World leaders and humanitarian aid organizations expressed outrage on Tuesday over what is suspected to be a chemical weapons attack that has left over 50 civilians dead and 300 wounded in the northwestern Syrian province of Idlib, according to the British-based Syrian Observatory for Human Rights. This gas attack in Syria is one of the deadliest in recent memory, and it is being called a war crime by U.S. State Department officials.
The attack began just after sunrise on Tuesday, according to witnesses, when an airstrike hit the rebel-held city of Khan Sheikhoun, emanating poisonous gas that caused large groups of people in the area to collapse as they gasped for air. As humanitarian aid organizations like the White Helmets and the Syrian Civil Defense rushed to help the wounded, many aid workers were themselves overcome by the gas.
Dr. Fares al-Jundi, a physician in the region who tended to the wounded, told CNN that at least 500 people, including many women and children, lined the floors of the hospital, some foaming at the mouth and others struggling to breathe. Many, including whole families, eventually died of asphyxiation.
"I believe this horrible memory will stay with me for the rest of my life," said Dr. al-Jundi.
One of the hospitals in Khan Sheikhoun was later bombed while tending to victims, according to The New York Times.
The United States is blaming Syrian President Bashar al-Assad for the attack, and believes that he used the banned chemical agent sarin. Sarin, a nerve agent, is considered a weapon of mass destruction and has been outlawed by the Chemical Weapons Convention of 1993.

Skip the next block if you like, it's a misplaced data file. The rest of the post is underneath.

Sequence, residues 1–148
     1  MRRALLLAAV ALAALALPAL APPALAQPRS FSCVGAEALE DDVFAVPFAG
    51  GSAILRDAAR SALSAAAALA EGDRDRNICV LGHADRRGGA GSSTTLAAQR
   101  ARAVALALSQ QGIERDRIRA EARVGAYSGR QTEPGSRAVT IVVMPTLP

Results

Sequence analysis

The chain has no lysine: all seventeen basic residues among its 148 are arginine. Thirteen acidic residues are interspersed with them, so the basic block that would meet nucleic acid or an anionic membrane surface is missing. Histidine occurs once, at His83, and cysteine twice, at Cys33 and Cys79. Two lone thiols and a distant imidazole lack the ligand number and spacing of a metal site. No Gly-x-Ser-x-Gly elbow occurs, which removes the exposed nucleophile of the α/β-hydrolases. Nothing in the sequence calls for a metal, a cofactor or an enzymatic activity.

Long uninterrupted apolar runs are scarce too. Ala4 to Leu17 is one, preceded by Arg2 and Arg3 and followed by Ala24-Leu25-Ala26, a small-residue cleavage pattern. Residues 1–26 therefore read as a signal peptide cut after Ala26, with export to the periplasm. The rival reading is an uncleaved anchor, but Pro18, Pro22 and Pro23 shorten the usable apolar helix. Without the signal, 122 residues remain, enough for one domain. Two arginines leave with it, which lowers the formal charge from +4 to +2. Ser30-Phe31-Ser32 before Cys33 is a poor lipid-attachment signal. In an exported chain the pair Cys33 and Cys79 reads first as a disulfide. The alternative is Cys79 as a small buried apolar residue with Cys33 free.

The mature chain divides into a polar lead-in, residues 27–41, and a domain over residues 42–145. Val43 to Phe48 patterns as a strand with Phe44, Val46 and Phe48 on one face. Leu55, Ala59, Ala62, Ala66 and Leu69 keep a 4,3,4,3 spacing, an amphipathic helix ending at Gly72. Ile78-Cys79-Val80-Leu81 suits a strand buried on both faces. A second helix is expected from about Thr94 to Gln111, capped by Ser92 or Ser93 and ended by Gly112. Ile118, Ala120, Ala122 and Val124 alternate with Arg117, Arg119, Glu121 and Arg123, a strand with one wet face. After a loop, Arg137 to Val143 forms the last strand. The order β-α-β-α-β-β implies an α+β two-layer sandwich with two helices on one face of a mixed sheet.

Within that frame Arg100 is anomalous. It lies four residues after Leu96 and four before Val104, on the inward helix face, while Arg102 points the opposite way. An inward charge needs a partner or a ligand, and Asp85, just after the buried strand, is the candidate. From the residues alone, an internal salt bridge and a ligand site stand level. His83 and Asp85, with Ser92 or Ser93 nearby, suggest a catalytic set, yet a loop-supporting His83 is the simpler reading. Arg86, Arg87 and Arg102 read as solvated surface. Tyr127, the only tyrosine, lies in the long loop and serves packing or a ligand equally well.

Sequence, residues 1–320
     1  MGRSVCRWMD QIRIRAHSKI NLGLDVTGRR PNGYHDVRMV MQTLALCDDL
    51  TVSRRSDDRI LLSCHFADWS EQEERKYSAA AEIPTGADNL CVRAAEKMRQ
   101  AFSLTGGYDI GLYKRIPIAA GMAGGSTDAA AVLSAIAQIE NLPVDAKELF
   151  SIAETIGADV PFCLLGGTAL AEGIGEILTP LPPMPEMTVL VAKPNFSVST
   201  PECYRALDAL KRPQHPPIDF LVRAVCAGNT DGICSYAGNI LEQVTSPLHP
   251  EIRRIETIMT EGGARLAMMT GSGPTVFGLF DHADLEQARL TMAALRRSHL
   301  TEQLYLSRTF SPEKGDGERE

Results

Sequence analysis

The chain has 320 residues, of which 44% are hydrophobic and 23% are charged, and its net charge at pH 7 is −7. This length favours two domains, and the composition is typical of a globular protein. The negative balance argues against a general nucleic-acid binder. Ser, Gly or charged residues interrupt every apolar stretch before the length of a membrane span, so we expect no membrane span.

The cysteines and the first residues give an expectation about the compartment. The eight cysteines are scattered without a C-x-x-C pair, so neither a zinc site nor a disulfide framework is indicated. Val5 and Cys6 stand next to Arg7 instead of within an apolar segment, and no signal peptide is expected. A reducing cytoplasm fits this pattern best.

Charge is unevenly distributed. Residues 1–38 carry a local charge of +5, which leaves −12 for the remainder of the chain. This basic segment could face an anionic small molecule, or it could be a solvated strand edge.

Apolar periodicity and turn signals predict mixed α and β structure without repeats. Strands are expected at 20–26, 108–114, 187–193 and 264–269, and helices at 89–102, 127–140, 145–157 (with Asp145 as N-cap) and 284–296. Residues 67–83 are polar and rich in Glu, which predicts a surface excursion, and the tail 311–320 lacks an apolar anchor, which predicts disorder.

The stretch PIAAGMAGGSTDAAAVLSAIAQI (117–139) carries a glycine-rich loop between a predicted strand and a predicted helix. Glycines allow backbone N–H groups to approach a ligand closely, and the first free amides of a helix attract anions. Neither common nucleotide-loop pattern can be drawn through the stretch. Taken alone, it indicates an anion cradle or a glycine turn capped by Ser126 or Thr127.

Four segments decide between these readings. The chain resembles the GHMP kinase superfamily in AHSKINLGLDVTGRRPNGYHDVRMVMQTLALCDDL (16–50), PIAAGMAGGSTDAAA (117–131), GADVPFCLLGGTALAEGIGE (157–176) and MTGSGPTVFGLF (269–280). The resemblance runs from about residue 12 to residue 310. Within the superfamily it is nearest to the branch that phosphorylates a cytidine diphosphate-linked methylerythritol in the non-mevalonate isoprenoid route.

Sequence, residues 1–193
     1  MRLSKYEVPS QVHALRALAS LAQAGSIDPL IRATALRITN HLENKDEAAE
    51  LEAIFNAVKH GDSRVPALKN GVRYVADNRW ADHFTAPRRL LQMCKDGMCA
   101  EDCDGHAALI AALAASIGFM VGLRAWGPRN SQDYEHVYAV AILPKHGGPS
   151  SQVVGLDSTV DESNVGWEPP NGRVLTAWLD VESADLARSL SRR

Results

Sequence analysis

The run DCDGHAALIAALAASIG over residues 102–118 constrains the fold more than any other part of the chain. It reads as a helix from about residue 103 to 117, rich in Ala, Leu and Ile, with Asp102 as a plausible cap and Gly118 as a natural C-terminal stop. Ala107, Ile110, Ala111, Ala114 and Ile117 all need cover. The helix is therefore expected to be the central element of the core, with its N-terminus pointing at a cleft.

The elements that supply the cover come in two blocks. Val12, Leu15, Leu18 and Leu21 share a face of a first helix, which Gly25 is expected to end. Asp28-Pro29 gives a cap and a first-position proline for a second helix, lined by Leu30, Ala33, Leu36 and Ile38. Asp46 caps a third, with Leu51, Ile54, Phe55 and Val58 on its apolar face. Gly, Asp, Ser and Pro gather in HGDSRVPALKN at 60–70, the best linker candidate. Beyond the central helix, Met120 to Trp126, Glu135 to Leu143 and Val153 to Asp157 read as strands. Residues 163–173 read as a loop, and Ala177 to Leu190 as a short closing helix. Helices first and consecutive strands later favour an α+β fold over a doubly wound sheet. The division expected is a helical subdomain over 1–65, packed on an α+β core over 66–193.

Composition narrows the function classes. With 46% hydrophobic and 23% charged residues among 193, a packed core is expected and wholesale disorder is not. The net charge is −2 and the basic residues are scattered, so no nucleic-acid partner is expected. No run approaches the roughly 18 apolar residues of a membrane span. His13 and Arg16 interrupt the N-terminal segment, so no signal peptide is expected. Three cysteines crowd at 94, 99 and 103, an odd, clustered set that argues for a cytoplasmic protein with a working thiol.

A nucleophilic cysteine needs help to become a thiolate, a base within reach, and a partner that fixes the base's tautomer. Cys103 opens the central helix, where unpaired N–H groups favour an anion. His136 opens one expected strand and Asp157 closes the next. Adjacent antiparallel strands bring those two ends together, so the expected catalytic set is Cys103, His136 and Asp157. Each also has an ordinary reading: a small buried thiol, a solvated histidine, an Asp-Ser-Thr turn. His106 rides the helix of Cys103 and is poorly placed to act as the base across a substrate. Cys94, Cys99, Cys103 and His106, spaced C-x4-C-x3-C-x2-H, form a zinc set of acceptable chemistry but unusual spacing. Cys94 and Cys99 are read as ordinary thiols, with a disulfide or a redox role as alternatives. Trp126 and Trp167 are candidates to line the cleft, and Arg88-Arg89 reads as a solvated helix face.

The Syrian government has denied any involvement in the attack, and is blaming insurgents and ISIS fighters in the region.
The attack comes just days after U.S. Ambassador to the United Nations Nikki Haley said that the United States will no longer focus on ousting Assad from power, but will instead seek new strategies to ending the Syrian Civil War that has claimed the lives of thousands of civilians over the past seven years.
The White House responded to the attack by calling it "reprehensible," but Press Secretary Sean Spicer said that it would not cause the administration to re-focus on removing Assad from power.
"There is not a fundamental option of regime change as there has been in the past. Somebody would be rather silly not acknowledging the political realities that exist in Syria. What we need to do is to fundamentally do what we can to empower the people of Syria to find a different way," Spicer said.
The U.N. Security Council will be holding an emergency meeting on Wednesday to discuss the chemical attack.